What can we do when language fails to bridge our thoughts with each other? As the son of an immigrant mother who was illiterate, this is an ongoing question Vietnamese American writer Ocean Vuong returns to in his poems, essays and novels. His work centers around communication, as if with each poem, he reimagines ways to streamline his emotions.
It is this very exploration of language that makes Vuong’s work raw and genuine. He plays with a pleading voice that is both innocent and curious. These elements, which are tied with themes of family, love and masculinity, capture the dimensions Vuong traverses in his work.
At two years old, Vuong immigrated to the U.S. His father left at a young age, and his mother raised him with wages earned from the local nail salon. Capturing images of their exploration of America, Vuong intimately navigates cultural contact zones in a way that epitomizes the immigrant experience. Unpacking these memories thus leads to an emotionally heavy read.
His mother becomes a recurring subject, notably in his debut novel On Earth We’re Briefly Gorgeous. An extension of his essay called “A Letter to My Mother That She Will Never Read,” Vuong lets us glimpse into what it’s like to live with a family member who faces trauma from war violence. Not only does this novel describe the delicacies behind their mother-son relationship, but it becomes a physical manifestation of him trying to reach her in the form of a letter.
This letter feels private. Upon your first read, it can feel like a moral violation. Vuong writes his novel in the second person with an implication that “you” are his mother, Ma. The urgency and longing in his narratorial voice make it seem like we’re intruding on a conversation we’re not supposed to be a part of. As readers, we’re absorbed in the desires of a son who wants answers and affection. It’s not something you could easily pick up for a casual read.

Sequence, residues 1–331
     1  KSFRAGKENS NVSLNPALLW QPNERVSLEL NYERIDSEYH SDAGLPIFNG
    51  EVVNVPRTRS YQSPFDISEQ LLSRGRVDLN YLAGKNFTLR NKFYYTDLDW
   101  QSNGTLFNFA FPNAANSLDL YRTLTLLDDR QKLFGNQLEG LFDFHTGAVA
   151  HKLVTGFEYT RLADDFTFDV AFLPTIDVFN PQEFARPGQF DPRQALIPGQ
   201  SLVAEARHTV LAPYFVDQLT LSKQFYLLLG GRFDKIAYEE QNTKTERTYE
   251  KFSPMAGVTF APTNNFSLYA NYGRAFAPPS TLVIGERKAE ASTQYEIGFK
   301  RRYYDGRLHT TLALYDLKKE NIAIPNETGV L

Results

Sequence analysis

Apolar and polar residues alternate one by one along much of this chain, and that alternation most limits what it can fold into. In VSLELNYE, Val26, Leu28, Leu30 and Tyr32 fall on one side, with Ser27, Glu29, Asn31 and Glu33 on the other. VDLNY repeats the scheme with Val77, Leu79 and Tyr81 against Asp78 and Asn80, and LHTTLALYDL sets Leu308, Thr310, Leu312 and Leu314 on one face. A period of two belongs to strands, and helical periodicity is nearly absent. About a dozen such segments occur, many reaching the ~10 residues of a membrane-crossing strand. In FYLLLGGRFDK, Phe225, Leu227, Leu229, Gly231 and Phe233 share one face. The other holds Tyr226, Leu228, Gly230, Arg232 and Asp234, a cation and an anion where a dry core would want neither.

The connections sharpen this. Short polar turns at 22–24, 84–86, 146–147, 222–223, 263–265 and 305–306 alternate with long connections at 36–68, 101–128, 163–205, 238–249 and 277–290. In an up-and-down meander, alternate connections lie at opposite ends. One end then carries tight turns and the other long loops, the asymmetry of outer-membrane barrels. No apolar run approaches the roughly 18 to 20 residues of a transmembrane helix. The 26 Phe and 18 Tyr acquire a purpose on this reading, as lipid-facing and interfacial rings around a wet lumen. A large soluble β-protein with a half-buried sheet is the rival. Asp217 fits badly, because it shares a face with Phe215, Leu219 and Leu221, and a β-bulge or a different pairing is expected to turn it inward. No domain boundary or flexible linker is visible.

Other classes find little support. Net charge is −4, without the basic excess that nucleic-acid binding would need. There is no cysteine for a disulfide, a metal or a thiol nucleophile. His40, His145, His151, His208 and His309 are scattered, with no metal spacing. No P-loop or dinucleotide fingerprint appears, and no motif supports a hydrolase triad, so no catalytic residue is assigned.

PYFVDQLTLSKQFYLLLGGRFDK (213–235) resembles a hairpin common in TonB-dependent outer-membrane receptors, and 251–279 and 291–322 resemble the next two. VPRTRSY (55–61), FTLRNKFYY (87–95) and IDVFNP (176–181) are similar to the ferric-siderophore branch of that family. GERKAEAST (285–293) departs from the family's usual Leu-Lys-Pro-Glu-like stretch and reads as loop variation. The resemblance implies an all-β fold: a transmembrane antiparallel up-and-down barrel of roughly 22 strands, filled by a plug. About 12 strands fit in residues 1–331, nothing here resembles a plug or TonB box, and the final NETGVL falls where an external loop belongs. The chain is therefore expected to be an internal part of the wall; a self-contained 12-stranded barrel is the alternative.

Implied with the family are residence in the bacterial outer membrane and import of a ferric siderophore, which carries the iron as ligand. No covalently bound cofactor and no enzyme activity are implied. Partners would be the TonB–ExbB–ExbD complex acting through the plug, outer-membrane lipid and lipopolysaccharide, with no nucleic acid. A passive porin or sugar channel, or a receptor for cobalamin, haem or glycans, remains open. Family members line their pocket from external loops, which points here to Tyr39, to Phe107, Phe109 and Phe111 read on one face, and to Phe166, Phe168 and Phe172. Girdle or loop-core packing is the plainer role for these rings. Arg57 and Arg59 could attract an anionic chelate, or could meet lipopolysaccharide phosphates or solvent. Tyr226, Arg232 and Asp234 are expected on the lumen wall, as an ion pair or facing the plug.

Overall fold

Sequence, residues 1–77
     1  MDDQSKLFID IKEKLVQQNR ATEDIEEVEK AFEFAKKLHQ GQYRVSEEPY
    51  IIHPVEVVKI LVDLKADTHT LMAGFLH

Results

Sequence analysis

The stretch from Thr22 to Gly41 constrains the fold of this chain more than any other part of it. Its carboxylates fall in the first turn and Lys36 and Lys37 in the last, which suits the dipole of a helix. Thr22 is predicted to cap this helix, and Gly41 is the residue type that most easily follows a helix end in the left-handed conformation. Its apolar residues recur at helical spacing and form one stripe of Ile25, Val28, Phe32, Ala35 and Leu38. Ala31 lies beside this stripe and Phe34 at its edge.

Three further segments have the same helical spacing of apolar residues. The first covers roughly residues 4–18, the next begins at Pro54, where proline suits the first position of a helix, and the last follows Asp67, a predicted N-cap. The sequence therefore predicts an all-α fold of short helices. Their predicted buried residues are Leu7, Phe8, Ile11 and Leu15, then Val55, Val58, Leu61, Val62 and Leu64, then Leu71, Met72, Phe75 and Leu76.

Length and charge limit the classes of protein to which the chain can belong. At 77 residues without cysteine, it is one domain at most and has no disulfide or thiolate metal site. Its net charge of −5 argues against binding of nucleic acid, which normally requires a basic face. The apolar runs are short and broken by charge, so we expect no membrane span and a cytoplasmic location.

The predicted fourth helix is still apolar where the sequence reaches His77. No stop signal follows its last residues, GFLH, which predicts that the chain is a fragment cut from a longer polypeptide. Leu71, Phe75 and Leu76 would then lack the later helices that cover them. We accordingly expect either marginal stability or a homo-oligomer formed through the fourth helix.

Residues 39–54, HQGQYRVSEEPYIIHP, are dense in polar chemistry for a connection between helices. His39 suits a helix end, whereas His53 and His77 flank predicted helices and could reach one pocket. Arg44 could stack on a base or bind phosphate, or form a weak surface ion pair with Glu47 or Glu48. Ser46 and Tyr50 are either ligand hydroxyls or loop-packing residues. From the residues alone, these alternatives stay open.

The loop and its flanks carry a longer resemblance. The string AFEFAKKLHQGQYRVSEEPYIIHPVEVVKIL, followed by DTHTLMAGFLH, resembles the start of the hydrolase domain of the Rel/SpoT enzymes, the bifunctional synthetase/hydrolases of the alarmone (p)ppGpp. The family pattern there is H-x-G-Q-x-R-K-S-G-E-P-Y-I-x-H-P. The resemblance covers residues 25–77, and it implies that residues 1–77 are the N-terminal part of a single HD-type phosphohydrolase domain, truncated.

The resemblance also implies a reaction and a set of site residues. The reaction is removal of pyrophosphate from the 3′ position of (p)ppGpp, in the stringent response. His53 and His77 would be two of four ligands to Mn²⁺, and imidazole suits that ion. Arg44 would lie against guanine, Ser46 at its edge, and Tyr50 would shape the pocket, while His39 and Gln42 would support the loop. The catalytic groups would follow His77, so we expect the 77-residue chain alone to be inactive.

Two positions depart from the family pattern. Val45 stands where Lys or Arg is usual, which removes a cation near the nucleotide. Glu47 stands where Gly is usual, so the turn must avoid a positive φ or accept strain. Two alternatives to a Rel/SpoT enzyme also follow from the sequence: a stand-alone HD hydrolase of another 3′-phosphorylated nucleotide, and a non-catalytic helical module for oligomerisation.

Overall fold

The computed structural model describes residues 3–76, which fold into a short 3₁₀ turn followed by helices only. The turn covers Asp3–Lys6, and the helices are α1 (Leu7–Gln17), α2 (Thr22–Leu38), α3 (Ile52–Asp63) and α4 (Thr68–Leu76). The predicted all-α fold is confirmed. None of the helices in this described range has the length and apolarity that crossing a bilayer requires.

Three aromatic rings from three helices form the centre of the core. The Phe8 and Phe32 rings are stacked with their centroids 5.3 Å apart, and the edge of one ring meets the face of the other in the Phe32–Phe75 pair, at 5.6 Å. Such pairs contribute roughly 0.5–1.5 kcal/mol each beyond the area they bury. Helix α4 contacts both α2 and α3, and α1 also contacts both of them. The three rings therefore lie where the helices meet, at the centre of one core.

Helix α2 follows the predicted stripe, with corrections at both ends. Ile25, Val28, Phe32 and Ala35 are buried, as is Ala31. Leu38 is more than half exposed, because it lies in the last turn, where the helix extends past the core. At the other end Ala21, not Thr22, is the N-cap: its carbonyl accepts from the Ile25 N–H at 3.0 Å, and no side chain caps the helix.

The complexity behind the novel’s existence is what makes it so beautiful. As readers we connect to how it exemplifies a failed communication between two people. Vuong feels indebted to his mother, and she may not understand the extent to which he is eternally grateful to her.
Shortly after the debut of On Earth We’re Briefly Gorgeous, Vuong’s mother died of cancer. This profound loss led to the creation of his most recent poetry collection, Time is a Mother. Here he questions the passing of time as it relates to his mother’s death. He revisits cross sections of his life while in grief, as an attempt to rediscover the meaning of family, love and loss.
Reading Vuong’s work is eye-opening to how we communicate with each other. It’s largely humanistic and sheds light on how we struggle to reach those that seem unreachable. His poems are thought-provoking and melancholy but beautiful and tangible.
The good news is that it wouldn’t be too difficult to dive into the entirety of Vuong’s published work. He has published four poetry collections and one novel, but their connected themes and content make it easy to follow. Aside from his literary pieces, something to look forward to is Vuong’s in-progress film production of On Earth We’re Briefly Gorgeous. The praise his novel received allowed for the collaboration of its film depiction, with Vuong penning the screenplay.